This work examines the transformation of Chinese cosmology between two political ages - from the hegemonic states of the Bronze Age (Shang and Western Zhou, ca. 1700-771 B.C.) to the unified empires of the Iron Age (Qin and Han, 221 B.a-220 A.D.) This historical transition produced two enduring traditions of Chinese civilization: the cultural heritage of a cosmology that has been seen as a "primordial and quintessential expression of the 'Chinese Mind'" or the "Chinese 'structure of thought' ";x and the political heritage of a unified empire that has been considered the ideal model of Chinese government ever since. The task of this book is to unveil the interrelations and mutual production of these two heritages - the cultural and the political - in the historical process. The role of cosmology in the formation of China's early empires is a crucial question in Chinese history, one with great relevance to defining "Chineseness" today. This is because cosmology and the unified empire have been seen as the two most enduring structures of Chinese civilization. Two thousand years of official histories have repeatedly told the story of their eternal validity, transcending time and events, so that this unchanging order has become an unquestionable truth. Today, cosmology and a unified empire still serve as resources for forging China's national identity. Revived by some, cursed by others, traditional cosmology is used to represent a cultural identity that is authentically Chinese, and a unified empire continues to be held by most Chinese as the only justified form of government for China.2 By questioning the 1 This phrasing is borrowed from Schwartz, 1985, p. 351. 2 The search for identity at national and personal levels in modern China is discussed in Dittmer and Kim, eds., 1993, and Tu Wei-ming, ed., 1991. The rebel Chinese voices on this issue are best represented in Barme and Jaivin, eds., 1992. 1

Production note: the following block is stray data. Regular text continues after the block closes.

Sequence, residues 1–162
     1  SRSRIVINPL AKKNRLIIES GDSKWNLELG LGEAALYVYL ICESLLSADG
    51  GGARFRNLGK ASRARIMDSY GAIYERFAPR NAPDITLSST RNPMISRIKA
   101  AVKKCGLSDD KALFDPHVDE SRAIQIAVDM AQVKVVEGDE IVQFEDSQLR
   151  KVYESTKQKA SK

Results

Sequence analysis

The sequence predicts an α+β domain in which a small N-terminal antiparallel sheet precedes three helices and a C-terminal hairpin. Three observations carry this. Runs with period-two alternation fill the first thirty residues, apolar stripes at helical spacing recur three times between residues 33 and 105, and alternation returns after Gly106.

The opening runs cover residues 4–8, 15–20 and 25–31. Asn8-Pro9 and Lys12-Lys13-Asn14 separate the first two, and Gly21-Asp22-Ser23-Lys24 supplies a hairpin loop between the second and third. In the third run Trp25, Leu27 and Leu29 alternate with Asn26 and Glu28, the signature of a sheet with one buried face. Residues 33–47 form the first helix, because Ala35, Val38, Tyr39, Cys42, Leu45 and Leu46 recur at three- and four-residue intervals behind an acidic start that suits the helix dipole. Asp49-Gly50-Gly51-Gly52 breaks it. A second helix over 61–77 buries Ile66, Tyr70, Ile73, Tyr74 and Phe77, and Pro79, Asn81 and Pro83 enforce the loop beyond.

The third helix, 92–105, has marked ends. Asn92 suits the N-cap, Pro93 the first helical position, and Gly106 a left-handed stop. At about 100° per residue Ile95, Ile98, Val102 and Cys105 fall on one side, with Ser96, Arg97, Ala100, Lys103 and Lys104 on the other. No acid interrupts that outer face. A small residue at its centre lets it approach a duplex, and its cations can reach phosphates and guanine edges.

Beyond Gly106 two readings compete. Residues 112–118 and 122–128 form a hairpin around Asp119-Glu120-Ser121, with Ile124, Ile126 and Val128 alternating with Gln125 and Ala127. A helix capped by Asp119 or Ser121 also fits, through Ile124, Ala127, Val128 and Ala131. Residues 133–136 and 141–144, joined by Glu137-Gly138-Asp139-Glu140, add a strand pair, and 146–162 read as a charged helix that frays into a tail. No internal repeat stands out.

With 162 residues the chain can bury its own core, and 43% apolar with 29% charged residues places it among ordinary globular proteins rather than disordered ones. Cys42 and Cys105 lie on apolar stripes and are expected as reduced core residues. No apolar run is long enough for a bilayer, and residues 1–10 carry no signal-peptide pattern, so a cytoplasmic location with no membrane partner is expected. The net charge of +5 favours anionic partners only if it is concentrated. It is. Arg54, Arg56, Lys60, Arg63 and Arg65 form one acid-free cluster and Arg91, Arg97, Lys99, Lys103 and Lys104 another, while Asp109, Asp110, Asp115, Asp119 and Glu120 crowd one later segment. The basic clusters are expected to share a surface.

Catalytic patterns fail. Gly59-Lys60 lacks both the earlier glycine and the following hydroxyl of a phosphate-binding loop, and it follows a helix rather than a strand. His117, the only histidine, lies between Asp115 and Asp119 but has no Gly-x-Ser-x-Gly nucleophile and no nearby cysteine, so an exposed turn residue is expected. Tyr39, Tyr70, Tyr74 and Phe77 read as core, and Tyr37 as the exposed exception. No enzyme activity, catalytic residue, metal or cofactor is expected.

Cosmology and Political Culture in Early China

social production of these two enduring structures of Chinese civilization, this study seeks to demonstrate how, beneath their unitary and recurring patterns, cosmology as a realm of the cultural and empire as a realm of the political were formed by a common dialectical process of mutual production and transformation in early China. Chinese cosmology has been characterized as "correlative." Cosmologies, using anthropologist Stanley Tambiah's definition, are "frameworks of concepts and relations which treat the universe or cosmos as an ordered system, describing it in terms of space, time, matter, and motion, and peopling it with gods, humans, animals, spirits, demons, and the like."3 Chinese cosmology, as such a framework of conceptions and relations, is an immense system of correlation-building, based on interlaced pairs (correlated to Yin-Yang Pf£B§), fours (correlated to the four directions), fives (correlated to the Five Phases or Wuxing i f f ) , eights (correlated to the Eight Trigrams), and so on. Such a correlative cosmology is an orderly system of correspondence among various domains of reality in the universe, correlating categories of the human world, such as the human body, behavior, morality, the sociopolitical order, and historical changes, with categories of the cosmos, including time, space, the heavenly bodies, seasonal movement, and natural phenomena. Schwartz has found that Chinese correlative cosmology resembles what Levi-Strauss describes as the "science of the concrete" - "a kind of anthropocosmology in which entities, processes, and classes of phenomena found in nature correspond to or 'go together with' various entities, processes, and classes of phenomena in the human world."4 A mode of thinking that has appeared in most civilizations,5 correlative cosmology nevertheless has different functions and meanings in different cultures and historical environments. In China, its first cultural-political manifestation occurred during the formative stage of China's early empires in the last four centuries B.C. It was during this political transition that correlative cosmology became a common discourse by means of which competing social forces argued with one another, contested over the order of the new empire, and prescribed social practices in daily life. As such a common discourse, Chinese cosmology became a prevalent expression of political culture that was essential to the formation of the imperial order of early China, which continued to influence imperial history for two thousand years. 3 Tambiah, 1985, p. 3. 4 Schwartz, 1985, p. 351. 5 A. C. Graham has powerfully demonstrated that far from being an "exotic" mode of thinking uniquely Chinese, Chinese correlative cosmology-building is merely an example of the "correlative" thinking used by everyone, which underlies the operations of language itself. Graham, 1989, p. 320.